Well, only two more weeks and 2013 will be in the history books. One thing that impressed me about 2013 is that despite market conditions that are still challenging, customers found a way to grow their businesses. While a few manufacturers are reporting a flat year, most are reporting growth for the year of anywhere from 5 to 20 percent. According to the recent DWM survey, 35 percent are reporting growth above 20 percent for the year! How did they do it?

Some grew their business by offering a lower cost window to participate in the growing demand for multifamily housing. Still others grew by expanding their geographical territory. For example, instead of marketing product within a 100-mile radius, one manufacturer decided his new market would extend to dealers within 200 miles of the factory. Others added higher end window products choosing to upgrade the thermal performance of their windows by employing warmer-edge spacer systems or even triple-pane windows. Many decided to go beyond the vanilla-only approach by offering a wide variety of colors. I have also seen more paint booths being installed so that manufacturers can offer their customers these color options with shorter delivery times. Rather than having to send their windows out to be painted, they are painting doors and windows in-house. Also, patio door systems are being upgraded with options such as multipoint locking systems and beautifully plated handle finishes.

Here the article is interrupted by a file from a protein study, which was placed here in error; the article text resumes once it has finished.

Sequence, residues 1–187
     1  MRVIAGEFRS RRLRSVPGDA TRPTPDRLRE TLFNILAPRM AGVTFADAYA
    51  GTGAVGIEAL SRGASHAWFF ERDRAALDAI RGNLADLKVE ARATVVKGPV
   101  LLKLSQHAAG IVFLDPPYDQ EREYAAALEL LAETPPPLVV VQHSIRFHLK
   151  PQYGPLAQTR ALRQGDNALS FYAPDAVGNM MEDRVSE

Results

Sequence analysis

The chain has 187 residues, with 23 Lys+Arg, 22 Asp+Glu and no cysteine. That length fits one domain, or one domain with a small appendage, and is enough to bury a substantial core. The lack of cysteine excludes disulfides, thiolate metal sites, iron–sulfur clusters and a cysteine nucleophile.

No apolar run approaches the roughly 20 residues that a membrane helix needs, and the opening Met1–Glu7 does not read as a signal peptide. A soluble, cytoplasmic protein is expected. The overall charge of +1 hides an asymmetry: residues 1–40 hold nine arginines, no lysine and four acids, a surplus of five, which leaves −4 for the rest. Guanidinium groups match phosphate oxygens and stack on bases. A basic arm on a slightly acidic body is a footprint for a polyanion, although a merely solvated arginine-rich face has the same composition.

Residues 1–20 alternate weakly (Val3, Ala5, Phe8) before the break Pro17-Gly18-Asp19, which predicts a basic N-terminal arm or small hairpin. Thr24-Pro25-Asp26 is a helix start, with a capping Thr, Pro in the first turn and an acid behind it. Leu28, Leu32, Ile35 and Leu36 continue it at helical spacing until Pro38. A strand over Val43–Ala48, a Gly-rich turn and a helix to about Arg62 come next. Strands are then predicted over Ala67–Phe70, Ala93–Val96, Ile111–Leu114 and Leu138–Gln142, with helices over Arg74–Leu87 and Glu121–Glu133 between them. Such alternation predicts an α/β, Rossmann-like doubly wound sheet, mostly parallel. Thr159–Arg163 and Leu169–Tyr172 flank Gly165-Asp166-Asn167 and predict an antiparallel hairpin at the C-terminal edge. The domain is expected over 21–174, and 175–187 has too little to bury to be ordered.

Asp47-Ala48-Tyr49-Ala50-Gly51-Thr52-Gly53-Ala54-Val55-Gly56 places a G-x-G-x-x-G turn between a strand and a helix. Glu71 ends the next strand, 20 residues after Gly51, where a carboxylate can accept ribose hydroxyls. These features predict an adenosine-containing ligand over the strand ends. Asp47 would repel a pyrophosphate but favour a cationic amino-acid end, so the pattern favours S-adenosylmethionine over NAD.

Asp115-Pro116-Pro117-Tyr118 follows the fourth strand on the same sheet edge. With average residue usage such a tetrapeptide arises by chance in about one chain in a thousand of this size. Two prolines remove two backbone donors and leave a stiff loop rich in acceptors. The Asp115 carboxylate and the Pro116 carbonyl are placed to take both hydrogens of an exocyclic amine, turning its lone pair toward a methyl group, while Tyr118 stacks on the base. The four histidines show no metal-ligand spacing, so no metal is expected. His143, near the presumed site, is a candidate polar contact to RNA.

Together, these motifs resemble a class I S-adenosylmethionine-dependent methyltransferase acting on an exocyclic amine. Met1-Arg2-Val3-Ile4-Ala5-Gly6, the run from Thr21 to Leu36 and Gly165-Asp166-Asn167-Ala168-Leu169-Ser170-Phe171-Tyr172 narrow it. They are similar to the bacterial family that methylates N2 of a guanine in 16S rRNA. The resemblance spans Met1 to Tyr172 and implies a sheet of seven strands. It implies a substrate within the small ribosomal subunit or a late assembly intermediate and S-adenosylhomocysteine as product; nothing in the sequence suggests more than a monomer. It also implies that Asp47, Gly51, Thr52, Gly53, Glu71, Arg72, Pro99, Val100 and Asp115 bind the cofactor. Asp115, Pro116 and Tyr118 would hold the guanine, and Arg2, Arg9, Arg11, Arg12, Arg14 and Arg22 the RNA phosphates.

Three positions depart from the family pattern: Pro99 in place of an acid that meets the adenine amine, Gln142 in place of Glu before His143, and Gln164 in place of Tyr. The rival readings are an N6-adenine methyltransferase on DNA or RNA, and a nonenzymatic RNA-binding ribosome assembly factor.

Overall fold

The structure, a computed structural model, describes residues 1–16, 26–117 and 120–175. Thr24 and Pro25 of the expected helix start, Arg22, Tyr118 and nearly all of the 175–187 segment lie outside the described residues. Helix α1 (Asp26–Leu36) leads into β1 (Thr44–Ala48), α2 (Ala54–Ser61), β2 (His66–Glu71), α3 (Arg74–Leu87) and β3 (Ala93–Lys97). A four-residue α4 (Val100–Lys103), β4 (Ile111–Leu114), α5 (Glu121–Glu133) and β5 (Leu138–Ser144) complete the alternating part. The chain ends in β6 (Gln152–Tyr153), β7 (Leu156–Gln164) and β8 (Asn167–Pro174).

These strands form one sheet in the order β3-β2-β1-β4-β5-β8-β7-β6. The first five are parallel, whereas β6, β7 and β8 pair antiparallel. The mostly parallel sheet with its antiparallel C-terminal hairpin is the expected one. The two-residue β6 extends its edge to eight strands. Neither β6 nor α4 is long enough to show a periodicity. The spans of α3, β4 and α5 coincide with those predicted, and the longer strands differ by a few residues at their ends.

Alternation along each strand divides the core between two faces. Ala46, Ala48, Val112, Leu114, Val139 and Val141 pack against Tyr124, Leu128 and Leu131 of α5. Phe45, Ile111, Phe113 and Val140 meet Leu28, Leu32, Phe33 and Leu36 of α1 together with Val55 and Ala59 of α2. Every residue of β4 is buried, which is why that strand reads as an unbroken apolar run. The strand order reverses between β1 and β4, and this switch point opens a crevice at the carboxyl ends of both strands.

As we turn the calendar into 2014, what new challenges and opportunities will we see? As you can see from the above discussion, product lines are expanding. Low cost doors and windows may be needed for the new construction market on one end and high-performance products will be needed on the other end of the spectrum to take advantage of the marketing opportunities presented by the Most Efficient Energy Star category. According to the DWM survey, 71 percent of manufacturers are planning on adding new product lines in 2014. As manufacturers bring in additional equipment and set up new production lines to run these new products, floor space begins shrinking.  So, one challenge becomes how to make the most out of every square foot of factory floor space. For this reason, vertical production lines may become more attractive to many fabricators. When floor space is limited, management must analyze how much revenue each square foot of floor space is generating for the business. If a fabricator can farm out a process and free up that floor space for a new product line that generates greater revenue dollars per square foot of factory floor space, he can significantly improve profitability. It is all about maximizing the assets of the company.

One thing is for certain—optimism for 2014 is running high. DWM’s survey reports that nearly four out of every 10 manufacturers and dealers alike are expecting to grow their business next year in excess of 10 percent. This is definitely a brighter outlook than we have seen the past few years, and as many great leaders have said in the past, “Optimism Breeds Success.”

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